Retirement Planning

Your Marginal Tax Bracket

Tax rates come in many forms. One that might apply to you and can impact your investing and your money for the future: your marginal tax rate.

In 2014, the federal tax brackets are 10%, 15%, 25%, 28%, 33%, 35% and 39.6%. If you are married and file jointly with your spouse, your first $18,150 of income after deductions and exemptions is taxed at the 10% rate. Your income between $18,150 and $73,800 is taxed at the 15% rate. The next $75,050 incurs 25% tax, and so on.

The High Price of Waiting

Procrastination is a silent and slow killer of savings. Everyone puts things off, of course, waiting until the last minute and then scurrying to finish a longstanding to-do list. Taken to extremes, this course pulverizes your long-term financial plans.

Here’s an example. Last year my wife and I debated whether to remove a tree from our back yard. Mainly in the fall this sweet gum tree dropped its fruit, sharp and pointy gumballs that worked wonders on mower blades and bare feet.

What’s Your Biz Worth?

You might know the worth of your business but odds are you don’t. Determining your business’s value can be tricky – and potentially critical to your quality of life in retirement.

Here are factors and formulas to consider.

Owner’s benefit. The easy way to figure your business’s worth uses a multiple of cash flow. Average your last three years’ owner’s benefit and multiply by a number between three and six.

Beware of Fixed-Income Risks

As you sketch out your retirement income plan, you often hear that stocks are risky and fixed-income instruments, like bonds and certificates of deposit, are safe. That simplistic formulation ignores how devastating inflation is on fixed income.

Estate Plans for Disabled Kids

Estate planning decisions are especially challenging for parents of children with special needs. The question of “Who will take care of our child after we’re gone?” can be heart-wrenching.

The crux of estate planning, for many of us, comes down to one issue: taking care of family. We do our best to make decisions that we hope will be right for surviving spouses and children. The long-term impact of those decisions is especially crucial for children with special needs.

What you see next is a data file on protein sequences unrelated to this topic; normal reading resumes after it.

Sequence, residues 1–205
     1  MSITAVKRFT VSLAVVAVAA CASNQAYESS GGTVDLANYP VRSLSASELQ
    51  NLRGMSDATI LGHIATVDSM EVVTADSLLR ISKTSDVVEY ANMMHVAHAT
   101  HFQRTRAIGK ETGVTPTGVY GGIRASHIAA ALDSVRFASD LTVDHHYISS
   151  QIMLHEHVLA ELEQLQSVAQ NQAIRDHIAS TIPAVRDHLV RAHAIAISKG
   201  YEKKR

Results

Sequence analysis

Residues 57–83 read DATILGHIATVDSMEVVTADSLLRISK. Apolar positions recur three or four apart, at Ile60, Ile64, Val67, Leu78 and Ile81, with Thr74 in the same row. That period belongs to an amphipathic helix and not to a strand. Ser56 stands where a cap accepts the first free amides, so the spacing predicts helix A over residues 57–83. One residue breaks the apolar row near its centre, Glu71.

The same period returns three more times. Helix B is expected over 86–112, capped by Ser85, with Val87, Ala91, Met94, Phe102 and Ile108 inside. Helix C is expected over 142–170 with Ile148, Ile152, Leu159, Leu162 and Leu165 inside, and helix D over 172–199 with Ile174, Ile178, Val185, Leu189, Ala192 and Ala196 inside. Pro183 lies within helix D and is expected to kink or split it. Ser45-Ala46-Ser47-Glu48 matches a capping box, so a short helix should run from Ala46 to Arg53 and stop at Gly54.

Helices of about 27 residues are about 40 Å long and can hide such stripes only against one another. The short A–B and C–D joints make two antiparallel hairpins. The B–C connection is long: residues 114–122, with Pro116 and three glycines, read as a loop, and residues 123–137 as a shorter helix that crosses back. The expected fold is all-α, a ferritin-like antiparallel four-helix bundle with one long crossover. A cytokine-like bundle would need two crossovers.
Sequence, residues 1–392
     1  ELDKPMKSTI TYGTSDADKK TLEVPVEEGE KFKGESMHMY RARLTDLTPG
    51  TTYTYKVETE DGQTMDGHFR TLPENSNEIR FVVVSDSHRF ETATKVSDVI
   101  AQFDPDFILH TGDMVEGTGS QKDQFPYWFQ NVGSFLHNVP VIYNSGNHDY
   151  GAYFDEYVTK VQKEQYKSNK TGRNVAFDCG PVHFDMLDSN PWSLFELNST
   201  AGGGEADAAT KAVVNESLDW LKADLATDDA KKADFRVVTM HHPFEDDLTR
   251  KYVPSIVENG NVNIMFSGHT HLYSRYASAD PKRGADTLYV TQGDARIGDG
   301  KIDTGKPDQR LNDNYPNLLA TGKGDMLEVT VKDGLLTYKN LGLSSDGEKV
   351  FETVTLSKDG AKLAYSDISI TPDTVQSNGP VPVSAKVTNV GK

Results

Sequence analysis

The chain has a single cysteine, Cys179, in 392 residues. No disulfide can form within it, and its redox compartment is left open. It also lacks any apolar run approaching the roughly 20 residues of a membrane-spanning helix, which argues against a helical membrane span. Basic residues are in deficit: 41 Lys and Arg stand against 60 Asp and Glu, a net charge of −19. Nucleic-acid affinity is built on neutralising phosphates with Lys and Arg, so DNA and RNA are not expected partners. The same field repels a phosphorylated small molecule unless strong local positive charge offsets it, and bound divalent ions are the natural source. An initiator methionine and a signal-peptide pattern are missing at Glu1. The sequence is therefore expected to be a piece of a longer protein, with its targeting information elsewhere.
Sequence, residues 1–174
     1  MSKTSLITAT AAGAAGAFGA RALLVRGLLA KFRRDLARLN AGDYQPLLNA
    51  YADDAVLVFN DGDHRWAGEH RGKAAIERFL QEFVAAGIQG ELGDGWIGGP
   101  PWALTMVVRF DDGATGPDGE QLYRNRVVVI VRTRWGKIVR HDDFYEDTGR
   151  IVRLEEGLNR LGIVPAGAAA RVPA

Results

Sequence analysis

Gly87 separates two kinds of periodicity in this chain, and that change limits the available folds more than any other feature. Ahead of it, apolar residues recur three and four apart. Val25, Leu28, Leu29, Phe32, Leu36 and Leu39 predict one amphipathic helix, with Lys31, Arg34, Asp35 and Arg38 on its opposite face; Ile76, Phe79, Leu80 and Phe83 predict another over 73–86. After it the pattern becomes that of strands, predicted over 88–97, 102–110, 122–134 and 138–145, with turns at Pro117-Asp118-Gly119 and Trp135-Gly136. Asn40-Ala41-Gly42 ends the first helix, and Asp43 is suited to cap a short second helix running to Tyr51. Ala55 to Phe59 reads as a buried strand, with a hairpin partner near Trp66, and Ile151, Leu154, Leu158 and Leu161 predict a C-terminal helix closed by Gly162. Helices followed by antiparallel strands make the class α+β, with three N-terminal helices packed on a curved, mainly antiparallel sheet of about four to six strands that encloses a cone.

6 Ways to Save for Retirement

If you’re like most people, you probably haven’t saved enough to retire. Especially if you’re older than 35, it’s time to get serious. So here are six steps to follow.

Some people foolishly think the future will take care of itself. If you own a business, maybe you think your business will provide ample money in your future (maybe it will, maybe it won’t). You might contribute to a retirement-savings plan at work and nurse a vague idea of how much to save. That won’t cut it.

Confident About Retirement?

Feel good about your future in retirement? If yes, you join a growing number who think their golden years will indeed be golden. Others aren’t so sure.

The Employee Benefit Research Institute (EBRI) recently published the annual Retirement Confidence Survey. A few highlights:

The End of a Useful Benefit?

President Barack Obama’s recent new budget documentation briefly mentions a desire to curtail file and suspend as an option for Social Security benefit filers. The administration views this option as one way for high-income folks to take advantage of the government. Right or wrong, this spells danger for one of your potentially valuable benefits.

Key to a Good Plan: Flexibility

Ever go to a financial planning meeting when the subject turns to financial planning software? Often planners give complicated software high grades and believe the resulting plans are precisely accurate. They aren’t; good financial planning never predicts precisely. The key to good planning is having the flexibility to change directions as needed.

Do you expect your doctor can tell you exactly when you’ll die? How can your financial planner describe your finances – and the role those finances will play in your life – 20 years down the road?

Hidden Costs of Your 401(k)

If you participate in a 401(k) plan from your employer, you’re likely one of the many who unknowingly pay to be in a company plan. Where does your money go?


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